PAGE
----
“I’ve witnessed three wars. I saw life gradually worsen, especially after the last one. Three years after the 2014 war, the situation is getting harder and more miserable.
“Gaza is still far from full recovery, and what has been built is only a drop in the ocean of destruction.”
Sondos, a social worker, has a degree in English literature
“As a social worker, I’ve visited more than 350 families impacted by the war and its aftermath.
“They’re burdened by deep psychological scars, and are constantly overshadowed by the feeling of impending catastrophe.
“In every house I’ve visited there’s a heartbreaking story of poverty, unemployment, fear of the future, fear of another Israeli war.
“Without outside pressure on Israel, Gazans will continue to relive this nightmare in their open-air prison.
“They can’t reconstruct their demolished homes, import their basic needs, or have access to electricity and clean water on a regular basis.
“But Gaza will continue to hang on to life and won’t fall into despair. Our youths will continue to pursue higher education and will labor to achieve their goals, no matter the odds.
“They’ll continue to use their imagination to overcome all hurdles, as we’ve done for many years. Courage and determination are our most prized qualities.”
— Yousef Aljamal, a writer and Ph.D. student from Gaza, contributed to this feature.
Russia says drone attacks on its Syria base have increased
- Idlib has become the main base for President Bashar Assad’s foes, who moved there after being forced out from other areas across Syria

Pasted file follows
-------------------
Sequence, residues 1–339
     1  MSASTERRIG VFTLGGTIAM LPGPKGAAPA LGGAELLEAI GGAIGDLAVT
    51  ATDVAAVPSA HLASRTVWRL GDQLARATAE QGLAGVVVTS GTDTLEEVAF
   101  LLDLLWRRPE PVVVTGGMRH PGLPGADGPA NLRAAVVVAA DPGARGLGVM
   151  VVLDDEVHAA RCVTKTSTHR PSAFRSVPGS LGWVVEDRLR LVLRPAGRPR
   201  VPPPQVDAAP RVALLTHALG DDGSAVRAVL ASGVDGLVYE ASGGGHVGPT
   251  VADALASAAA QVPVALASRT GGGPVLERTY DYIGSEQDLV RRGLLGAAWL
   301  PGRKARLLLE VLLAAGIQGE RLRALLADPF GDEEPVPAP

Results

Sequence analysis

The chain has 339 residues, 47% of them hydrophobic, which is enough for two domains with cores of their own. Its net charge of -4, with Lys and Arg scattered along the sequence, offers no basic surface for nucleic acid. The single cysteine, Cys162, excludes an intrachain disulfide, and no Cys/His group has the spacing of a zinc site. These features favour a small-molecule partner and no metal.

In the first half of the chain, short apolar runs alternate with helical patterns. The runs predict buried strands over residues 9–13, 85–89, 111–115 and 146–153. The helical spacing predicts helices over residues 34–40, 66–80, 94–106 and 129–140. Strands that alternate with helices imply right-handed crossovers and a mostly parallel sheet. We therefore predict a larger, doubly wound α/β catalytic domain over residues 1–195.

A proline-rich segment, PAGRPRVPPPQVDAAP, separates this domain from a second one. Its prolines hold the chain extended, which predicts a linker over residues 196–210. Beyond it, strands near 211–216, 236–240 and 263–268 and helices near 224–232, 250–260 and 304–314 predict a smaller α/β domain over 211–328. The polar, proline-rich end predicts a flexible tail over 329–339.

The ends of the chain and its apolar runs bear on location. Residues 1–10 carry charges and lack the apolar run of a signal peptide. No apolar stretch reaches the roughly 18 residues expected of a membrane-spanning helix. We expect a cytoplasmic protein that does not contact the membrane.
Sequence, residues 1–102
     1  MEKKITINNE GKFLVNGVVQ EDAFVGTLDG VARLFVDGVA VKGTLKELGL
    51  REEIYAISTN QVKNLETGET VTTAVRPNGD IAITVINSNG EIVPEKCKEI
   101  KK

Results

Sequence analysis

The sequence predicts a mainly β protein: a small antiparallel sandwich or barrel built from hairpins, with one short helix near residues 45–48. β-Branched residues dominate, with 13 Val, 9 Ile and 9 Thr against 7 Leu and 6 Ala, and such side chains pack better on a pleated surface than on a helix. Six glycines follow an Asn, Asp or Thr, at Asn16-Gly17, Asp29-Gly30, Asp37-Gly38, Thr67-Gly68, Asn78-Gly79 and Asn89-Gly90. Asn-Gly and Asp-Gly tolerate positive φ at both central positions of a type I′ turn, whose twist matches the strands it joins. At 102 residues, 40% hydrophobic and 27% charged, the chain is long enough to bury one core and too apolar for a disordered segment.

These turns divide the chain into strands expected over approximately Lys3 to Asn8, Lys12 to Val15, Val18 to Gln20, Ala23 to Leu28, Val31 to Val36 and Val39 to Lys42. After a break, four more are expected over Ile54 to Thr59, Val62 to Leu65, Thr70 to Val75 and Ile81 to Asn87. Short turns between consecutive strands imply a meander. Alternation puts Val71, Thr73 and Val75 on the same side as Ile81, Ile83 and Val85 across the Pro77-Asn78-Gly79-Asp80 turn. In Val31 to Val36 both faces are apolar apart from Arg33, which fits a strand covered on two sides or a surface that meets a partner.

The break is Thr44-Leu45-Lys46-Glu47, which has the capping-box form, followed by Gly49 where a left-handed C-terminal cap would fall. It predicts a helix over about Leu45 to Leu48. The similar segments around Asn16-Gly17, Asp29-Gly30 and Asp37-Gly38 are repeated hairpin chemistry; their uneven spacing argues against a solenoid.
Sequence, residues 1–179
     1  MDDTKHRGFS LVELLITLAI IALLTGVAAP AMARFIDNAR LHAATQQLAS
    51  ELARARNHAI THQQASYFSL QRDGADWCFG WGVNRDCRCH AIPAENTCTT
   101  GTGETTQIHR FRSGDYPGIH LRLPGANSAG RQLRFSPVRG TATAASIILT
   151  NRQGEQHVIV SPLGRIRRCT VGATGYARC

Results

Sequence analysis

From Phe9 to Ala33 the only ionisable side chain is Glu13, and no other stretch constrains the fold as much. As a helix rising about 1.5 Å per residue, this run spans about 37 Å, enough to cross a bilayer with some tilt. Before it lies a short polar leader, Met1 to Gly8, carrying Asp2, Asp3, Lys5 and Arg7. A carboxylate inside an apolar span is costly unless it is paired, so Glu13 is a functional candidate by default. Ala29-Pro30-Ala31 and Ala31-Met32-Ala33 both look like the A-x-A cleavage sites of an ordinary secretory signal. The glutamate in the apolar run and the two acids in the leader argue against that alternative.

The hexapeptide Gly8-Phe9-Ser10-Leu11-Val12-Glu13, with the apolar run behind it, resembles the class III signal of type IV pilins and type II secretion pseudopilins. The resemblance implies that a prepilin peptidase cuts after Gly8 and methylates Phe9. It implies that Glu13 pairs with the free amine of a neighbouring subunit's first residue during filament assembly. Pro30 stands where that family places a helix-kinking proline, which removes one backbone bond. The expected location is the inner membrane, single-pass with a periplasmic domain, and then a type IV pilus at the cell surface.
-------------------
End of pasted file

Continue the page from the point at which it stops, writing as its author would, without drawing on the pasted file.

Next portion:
- A recent UN report warned that Daesh, which once boasted of commanding a caliphate stretching across northern Syria and Iraq
DAMASCUS: Russian air defense assets in Syria have downed 45 drones targeting their main base in the country, its military said, after an attack by Daesh on a Syrian army base a day earlier killed seven troops.
The Russian Defense Ministry spokesman, Maj. Gen. Igor Konashenkov, said that five of them were shot down in the last three days near the Hemeimeem air base. The base in the province of Latakia serves as the main hub for Russian operations in Syria.
Konashenkov said that while the drones appear primitive, they use sophisticated technologies and have a range of up to 100 km.
He charged that the militants would not have been able to assemble the drones without outside help, but didn’t specify who might have assisted them.
The Russian general noted that the number of drone attacks have increased recently, adding that all of them were launched by militants based in the northern province of Idlib.